Hunt for new West Brom boss begins as Baggies axe Tony Pulis

 
Ross McLean
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Tony Pulis has left West Brom one place and one point above the Premier League relegation zone (Source: Getty)

West Brom are expected to seek a manager with Premier League experience to steer them away from the relegation zone after axing head coach Tony Pulis.

Pressure upon the experienced Pulis had intensified in recent weeks after a run of form which has seen the Baggies fail to win a Premier League clash in 10 attempts.

Factoring in West Brom’s slump towards the end of last season, the Midlands outfit have claimed victory in just two of their last 21 top-flight fixtures. They currently sit 17th in the table, one place and a solitary point above the drop zone.

Northern Ireland manager Michael O’Neill and Aberdeen boss Derek McInnes, who spent three years with West Brom as a player, have been named among the early favourites to take the reins at The Hawthorns.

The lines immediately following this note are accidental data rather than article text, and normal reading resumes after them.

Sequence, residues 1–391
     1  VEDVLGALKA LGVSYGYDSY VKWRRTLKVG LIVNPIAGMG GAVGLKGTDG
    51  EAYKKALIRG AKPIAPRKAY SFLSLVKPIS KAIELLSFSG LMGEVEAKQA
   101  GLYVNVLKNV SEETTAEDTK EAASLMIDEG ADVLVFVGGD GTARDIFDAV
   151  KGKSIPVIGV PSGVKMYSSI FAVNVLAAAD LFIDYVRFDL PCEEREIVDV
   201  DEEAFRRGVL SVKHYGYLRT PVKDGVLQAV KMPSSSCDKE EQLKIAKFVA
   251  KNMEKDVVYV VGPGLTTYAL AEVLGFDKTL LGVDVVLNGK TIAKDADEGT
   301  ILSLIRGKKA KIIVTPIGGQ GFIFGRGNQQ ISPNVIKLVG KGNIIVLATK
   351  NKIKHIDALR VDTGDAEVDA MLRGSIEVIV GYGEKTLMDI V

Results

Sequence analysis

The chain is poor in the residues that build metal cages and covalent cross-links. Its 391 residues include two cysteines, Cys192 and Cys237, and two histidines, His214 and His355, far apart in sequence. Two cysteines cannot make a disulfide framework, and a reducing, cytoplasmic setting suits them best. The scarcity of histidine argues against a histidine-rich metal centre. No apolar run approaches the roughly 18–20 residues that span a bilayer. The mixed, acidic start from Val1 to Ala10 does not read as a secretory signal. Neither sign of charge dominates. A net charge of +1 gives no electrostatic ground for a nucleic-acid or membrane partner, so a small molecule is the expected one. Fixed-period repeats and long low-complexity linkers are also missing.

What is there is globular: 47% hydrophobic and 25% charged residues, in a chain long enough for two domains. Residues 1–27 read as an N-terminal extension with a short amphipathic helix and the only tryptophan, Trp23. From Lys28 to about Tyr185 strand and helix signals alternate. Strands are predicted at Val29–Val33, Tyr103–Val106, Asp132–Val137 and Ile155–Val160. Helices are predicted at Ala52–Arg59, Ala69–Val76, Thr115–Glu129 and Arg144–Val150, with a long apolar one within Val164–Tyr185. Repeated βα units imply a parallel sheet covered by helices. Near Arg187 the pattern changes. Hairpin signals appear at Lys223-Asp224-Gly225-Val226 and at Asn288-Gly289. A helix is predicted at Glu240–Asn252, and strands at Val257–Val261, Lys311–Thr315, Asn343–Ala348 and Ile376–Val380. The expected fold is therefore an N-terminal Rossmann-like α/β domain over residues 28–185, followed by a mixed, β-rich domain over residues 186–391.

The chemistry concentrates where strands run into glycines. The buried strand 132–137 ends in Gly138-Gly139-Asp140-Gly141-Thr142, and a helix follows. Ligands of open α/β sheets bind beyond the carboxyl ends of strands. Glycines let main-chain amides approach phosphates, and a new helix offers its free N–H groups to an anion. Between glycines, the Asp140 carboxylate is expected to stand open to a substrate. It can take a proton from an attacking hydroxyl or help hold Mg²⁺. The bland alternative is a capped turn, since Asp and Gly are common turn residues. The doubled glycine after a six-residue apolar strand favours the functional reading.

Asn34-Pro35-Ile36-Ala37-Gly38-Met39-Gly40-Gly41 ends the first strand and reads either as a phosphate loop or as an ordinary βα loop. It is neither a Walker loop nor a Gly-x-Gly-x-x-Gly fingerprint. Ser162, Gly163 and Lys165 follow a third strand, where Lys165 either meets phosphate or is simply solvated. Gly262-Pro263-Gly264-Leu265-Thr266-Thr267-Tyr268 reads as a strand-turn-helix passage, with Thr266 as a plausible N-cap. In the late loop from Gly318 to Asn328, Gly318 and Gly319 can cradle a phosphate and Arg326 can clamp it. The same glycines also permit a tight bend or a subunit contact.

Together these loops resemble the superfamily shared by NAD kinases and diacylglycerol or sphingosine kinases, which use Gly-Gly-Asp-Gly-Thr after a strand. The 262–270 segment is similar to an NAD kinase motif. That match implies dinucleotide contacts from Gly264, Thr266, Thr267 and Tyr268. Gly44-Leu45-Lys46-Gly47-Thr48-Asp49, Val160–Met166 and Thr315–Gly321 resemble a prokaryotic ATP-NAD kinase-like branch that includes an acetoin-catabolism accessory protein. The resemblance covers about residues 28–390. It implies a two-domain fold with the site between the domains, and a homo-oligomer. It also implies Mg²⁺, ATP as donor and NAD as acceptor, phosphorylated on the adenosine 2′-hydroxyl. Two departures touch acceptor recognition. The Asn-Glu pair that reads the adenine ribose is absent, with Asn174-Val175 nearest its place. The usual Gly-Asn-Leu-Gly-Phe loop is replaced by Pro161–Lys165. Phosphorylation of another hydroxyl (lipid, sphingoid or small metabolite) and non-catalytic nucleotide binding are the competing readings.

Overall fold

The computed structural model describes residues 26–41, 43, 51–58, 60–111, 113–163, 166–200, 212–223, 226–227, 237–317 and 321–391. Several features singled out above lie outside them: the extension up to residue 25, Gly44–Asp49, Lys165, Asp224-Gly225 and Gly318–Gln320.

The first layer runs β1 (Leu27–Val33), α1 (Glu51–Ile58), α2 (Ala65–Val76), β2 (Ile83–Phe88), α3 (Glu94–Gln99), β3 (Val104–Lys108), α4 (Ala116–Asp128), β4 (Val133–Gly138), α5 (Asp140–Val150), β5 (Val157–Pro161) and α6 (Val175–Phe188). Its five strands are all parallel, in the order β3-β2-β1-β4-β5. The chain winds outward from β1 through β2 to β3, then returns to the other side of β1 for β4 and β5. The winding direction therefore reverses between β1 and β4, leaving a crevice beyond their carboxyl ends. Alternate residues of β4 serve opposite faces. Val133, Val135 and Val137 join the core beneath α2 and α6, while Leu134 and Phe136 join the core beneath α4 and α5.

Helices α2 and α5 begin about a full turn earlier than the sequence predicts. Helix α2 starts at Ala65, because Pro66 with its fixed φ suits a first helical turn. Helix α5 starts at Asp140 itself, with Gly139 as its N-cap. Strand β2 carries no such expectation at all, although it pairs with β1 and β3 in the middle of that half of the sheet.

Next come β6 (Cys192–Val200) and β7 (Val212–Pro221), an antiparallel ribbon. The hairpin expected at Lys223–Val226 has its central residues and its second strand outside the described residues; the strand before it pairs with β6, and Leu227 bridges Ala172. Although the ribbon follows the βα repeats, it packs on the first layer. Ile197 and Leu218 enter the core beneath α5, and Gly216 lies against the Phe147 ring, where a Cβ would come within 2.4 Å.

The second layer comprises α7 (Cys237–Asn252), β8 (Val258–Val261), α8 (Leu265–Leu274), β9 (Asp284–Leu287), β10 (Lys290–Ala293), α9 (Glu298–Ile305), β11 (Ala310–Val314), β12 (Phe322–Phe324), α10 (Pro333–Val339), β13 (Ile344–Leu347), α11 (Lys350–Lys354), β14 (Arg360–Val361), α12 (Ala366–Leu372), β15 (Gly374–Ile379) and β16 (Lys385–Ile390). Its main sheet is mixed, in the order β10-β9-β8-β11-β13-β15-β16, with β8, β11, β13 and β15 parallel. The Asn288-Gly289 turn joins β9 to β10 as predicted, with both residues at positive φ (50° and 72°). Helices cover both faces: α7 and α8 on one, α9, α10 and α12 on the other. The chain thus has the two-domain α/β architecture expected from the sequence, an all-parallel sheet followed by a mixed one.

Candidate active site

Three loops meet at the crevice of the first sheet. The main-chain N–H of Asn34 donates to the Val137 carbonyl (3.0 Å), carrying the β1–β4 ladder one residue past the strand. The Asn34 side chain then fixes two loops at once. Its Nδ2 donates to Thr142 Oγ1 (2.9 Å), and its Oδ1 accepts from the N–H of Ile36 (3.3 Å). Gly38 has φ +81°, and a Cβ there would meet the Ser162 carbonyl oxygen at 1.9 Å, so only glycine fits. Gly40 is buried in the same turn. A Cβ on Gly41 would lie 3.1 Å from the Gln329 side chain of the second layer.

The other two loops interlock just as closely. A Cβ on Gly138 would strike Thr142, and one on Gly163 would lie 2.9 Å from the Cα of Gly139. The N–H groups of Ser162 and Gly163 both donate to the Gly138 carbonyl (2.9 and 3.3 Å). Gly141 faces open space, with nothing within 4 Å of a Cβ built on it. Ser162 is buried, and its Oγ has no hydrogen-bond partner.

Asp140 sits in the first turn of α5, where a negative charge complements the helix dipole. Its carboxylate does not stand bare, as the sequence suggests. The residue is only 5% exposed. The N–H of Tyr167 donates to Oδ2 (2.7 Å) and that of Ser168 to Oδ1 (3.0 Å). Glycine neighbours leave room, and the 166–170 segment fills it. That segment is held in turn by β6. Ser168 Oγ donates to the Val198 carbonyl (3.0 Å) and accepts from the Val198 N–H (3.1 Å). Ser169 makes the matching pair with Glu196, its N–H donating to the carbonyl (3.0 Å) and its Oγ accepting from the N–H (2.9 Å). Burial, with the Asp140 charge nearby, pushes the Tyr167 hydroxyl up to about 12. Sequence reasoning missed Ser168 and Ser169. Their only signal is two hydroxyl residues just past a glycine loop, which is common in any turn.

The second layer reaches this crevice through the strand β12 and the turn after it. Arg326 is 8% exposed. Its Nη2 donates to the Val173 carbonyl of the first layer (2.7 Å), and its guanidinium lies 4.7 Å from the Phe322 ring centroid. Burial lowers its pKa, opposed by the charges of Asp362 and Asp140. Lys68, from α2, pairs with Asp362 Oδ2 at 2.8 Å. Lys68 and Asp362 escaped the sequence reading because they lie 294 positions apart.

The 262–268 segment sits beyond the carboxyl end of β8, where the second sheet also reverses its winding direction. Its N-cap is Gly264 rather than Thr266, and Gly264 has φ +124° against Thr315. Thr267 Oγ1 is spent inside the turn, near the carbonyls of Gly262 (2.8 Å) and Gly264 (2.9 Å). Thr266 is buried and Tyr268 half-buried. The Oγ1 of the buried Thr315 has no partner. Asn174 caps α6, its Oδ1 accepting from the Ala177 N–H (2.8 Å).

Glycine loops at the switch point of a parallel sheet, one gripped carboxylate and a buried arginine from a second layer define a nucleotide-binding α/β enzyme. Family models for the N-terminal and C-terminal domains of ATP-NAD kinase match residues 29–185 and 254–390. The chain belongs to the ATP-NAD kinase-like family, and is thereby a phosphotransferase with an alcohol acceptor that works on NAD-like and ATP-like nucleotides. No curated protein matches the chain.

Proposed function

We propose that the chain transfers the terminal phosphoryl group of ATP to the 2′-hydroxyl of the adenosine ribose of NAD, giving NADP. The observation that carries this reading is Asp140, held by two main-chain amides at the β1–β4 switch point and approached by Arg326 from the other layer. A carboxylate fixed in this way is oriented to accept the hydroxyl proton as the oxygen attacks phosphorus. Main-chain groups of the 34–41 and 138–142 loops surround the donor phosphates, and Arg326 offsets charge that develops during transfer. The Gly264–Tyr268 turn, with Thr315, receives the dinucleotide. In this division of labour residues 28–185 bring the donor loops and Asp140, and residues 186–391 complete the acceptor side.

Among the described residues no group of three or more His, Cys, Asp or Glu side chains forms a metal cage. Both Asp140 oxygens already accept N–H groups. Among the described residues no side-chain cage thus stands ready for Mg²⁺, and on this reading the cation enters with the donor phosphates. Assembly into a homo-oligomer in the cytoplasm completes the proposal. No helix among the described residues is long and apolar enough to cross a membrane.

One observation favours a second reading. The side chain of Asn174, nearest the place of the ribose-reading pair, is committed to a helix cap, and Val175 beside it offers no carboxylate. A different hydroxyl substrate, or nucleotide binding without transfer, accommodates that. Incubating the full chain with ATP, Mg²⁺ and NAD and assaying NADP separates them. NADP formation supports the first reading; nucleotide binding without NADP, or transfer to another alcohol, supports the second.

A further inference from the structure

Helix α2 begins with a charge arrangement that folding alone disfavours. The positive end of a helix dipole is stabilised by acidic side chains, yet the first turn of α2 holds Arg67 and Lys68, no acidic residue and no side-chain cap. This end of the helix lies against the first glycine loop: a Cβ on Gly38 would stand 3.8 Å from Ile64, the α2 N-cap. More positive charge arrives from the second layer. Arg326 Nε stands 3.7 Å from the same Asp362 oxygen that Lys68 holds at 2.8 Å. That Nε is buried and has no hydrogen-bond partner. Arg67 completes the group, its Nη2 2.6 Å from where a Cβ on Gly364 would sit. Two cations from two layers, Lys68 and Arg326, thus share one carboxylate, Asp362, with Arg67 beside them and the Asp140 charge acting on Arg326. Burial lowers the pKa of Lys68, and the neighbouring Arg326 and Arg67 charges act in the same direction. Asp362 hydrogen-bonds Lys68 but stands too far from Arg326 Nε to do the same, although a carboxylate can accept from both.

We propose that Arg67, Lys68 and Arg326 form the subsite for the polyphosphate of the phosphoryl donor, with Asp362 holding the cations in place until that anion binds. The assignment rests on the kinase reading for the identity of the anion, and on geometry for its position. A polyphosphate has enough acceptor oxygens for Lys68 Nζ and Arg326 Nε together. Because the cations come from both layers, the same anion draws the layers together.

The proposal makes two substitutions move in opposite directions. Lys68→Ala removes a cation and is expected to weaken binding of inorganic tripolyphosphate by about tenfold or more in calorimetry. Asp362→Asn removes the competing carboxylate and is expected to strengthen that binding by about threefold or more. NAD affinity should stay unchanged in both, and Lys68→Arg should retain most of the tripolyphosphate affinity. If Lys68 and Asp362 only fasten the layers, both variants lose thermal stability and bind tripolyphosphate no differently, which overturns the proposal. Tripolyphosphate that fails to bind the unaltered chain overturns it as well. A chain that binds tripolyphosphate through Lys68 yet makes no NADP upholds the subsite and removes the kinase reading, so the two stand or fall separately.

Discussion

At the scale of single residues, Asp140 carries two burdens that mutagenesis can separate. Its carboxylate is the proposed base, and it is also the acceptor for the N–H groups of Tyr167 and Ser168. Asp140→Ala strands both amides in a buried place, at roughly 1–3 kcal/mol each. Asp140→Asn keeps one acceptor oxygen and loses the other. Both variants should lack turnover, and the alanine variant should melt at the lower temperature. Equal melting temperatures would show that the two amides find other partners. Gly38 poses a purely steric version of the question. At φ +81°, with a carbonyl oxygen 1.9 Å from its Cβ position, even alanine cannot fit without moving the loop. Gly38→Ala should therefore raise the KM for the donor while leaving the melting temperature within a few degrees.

But West Brom are believed to favour a candidate who was previously managed in the Premier League, parameters that would rule out both O’Neill and McInnes.

The likes of Republic of Ireland tactician Martin O’Neill, former Crystal Palace and West Ham boss Alan Pardew and ex-West Brom assistant manager Nigel Pearson, who is currently with Belgian second division side OH Leuven, are potential candidates.

Confirming Pulis’s departure from West Brom, chairman John Williams said: “These decisions are never taken lightly but always in the interests of the club.

“We are in a results business and over the back end of last season and this season to date, ours have been very disappointing. We would like to place on record our appreciation of Tony’s contribution and hard work during a period of transition for the club.”

Pulis, meanwhile, has emerged as an early contender to succeed Chris Coleman, who resigned his position as Wales boss on Friday in order to take charge of Sunderland. Coleman stopped short of endorsing Pulis but insisted a fellow Welshman was his preference.

“I would like another Welshman to take over because for some years we have been promoting the Welsh way, so I think it’s a little hypocritical if we go with a foreign coach,” said Coleman.

“I think it has to stay within. We have to believe in the people we have in the system. I can’t give you a specific name because I don’t know, that will be up to the FAW [Football Association of Wales].”

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